San Pedro-based Seatbelt & the Pecking Order's debut album blasts off with an animated wallop of rockabilly and roadhouse. "Break Her Down" starts off cool, but soon vocalist Scott "Seatbelt" McLean's warbling yelps bleed in from the side, nearly overpowered by the background cooing sung flat and deadpan by the ladies of the Hot Air Baguettes. And somehow, this works beautifully. It's an excellent opener to Modern Sounds in Pagan Love Songs, an album that salutes all things honky-tonk and classic American rock, but not without generous portions of caustic humor; the overall feel has a home-brewed quality that's sharp and crass. The effect is a lot like the musical equivalent of moonshine: imagine late rockabilly legend Charlie Feathers drunk and angry.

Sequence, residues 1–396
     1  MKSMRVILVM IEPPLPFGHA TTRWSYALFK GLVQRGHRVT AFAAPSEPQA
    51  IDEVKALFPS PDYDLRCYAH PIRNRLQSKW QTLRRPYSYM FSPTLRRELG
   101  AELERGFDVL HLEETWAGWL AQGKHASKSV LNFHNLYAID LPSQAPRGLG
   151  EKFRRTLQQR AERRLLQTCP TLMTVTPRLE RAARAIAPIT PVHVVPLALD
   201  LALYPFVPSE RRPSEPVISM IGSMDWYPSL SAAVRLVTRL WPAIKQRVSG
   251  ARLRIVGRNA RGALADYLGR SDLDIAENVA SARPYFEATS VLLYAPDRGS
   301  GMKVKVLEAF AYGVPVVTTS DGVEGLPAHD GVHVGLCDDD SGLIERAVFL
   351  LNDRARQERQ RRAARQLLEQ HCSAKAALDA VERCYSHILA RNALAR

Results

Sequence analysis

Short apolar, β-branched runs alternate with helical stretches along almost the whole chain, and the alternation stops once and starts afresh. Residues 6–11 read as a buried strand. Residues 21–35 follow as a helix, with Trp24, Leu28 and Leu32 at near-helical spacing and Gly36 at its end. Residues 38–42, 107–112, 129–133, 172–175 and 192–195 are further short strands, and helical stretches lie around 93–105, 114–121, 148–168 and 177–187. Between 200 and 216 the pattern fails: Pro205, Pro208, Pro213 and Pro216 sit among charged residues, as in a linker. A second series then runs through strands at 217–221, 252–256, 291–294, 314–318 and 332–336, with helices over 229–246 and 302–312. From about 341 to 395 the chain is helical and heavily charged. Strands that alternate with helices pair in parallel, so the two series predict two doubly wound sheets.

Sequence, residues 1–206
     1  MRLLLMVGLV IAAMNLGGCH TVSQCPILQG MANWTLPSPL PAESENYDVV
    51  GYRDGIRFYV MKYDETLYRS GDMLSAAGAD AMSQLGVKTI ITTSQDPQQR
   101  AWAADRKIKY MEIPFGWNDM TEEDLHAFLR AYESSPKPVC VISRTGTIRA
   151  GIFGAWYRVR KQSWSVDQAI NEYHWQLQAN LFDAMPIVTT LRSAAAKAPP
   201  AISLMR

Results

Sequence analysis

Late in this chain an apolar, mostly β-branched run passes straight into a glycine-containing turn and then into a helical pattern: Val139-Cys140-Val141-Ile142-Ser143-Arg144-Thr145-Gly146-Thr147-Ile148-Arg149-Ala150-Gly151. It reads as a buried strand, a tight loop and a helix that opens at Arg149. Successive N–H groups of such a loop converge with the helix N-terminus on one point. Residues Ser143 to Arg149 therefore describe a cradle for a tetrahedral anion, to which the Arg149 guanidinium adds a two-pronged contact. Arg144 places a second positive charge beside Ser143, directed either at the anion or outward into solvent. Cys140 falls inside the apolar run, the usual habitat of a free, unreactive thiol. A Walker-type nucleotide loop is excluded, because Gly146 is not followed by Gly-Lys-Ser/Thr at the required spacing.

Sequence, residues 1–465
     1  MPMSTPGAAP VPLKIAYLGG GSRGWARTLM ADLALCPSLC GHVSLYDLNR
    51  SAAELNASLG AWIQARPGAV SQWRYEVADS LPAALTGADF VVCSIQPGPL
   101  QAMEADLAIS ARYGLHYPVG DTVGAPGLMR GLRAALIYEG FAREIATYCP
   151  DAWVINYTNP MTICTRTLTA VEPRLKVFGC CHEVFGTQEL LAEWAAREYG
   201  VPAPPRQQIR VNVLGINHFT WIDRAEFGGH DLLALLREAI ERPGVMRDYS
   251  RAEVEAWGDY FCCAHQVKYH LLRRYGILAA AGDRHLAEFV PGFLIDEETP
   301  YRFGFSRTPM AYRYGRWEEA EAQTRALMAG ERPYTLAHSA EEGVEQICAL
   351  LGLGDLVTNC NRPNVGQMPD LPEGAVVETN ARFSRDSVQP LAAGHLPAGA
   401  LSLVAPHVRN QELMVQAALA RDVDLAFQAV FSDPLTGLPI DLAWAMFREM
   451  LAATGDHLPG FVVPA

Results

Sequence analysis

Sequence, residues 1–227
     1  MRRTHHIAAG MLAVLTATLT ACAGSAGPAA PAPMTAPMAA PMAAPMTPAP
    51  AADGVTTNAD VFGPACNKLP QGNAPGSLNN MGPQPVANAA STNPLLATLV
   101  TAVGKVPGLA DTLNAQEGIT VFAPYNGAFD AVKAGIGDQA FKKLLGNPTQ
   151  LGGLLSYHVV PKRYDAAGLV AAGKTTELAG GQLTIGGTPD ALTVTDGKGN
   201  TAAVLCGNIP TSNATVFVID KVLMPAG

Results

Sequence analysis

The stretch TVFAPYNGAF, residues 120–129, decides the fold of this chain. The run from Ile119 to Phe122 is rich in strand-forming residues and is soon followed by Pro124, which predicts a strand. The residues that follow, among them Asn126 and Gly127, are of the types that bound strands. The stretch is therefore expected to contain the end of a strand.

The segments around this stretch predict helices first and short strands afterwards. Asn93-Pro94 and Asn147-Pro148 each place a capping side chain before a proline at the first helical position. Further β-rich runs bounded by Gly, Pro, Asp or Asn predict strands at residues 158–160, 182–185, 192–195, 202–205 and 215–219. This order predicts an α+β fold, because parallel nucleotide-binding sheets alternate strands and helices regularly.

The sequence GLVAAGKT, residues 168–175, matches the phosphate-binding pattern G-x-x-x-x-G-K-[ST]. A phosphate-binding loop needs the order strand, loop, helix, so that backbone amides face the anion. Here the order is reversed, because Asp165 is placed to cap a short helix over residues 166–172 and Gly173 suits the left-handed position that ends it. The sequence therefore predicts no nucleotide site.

"Shake That Rack" is an upbeat lindy hop-inspired tune that's perfectly swing-danceable thanks to drummer Dirk "Tex Aubergine" Vandenberg's exquisite timekeeping. (Plus, it's fun to sing along to because it's about boobs.) "Rockabilly Stalker" takes the album to a harsher level and explores the weather-worn, dusty side of country with an ominously joyless tone. GuitaristMark Smith lays down one hell of a twangin' solo on "Stealin' From the Devil," which also brings the spookiness with a slow, threateningly deep voice layered over McLean's own souful storytelling. The whole thing's a no-frills, down-and-dirty rockabilly jewel.
Seatbelt and the Pecking Order: Beware of Honky-Tonk men with caustic humor. Photo by Jen Drolet.
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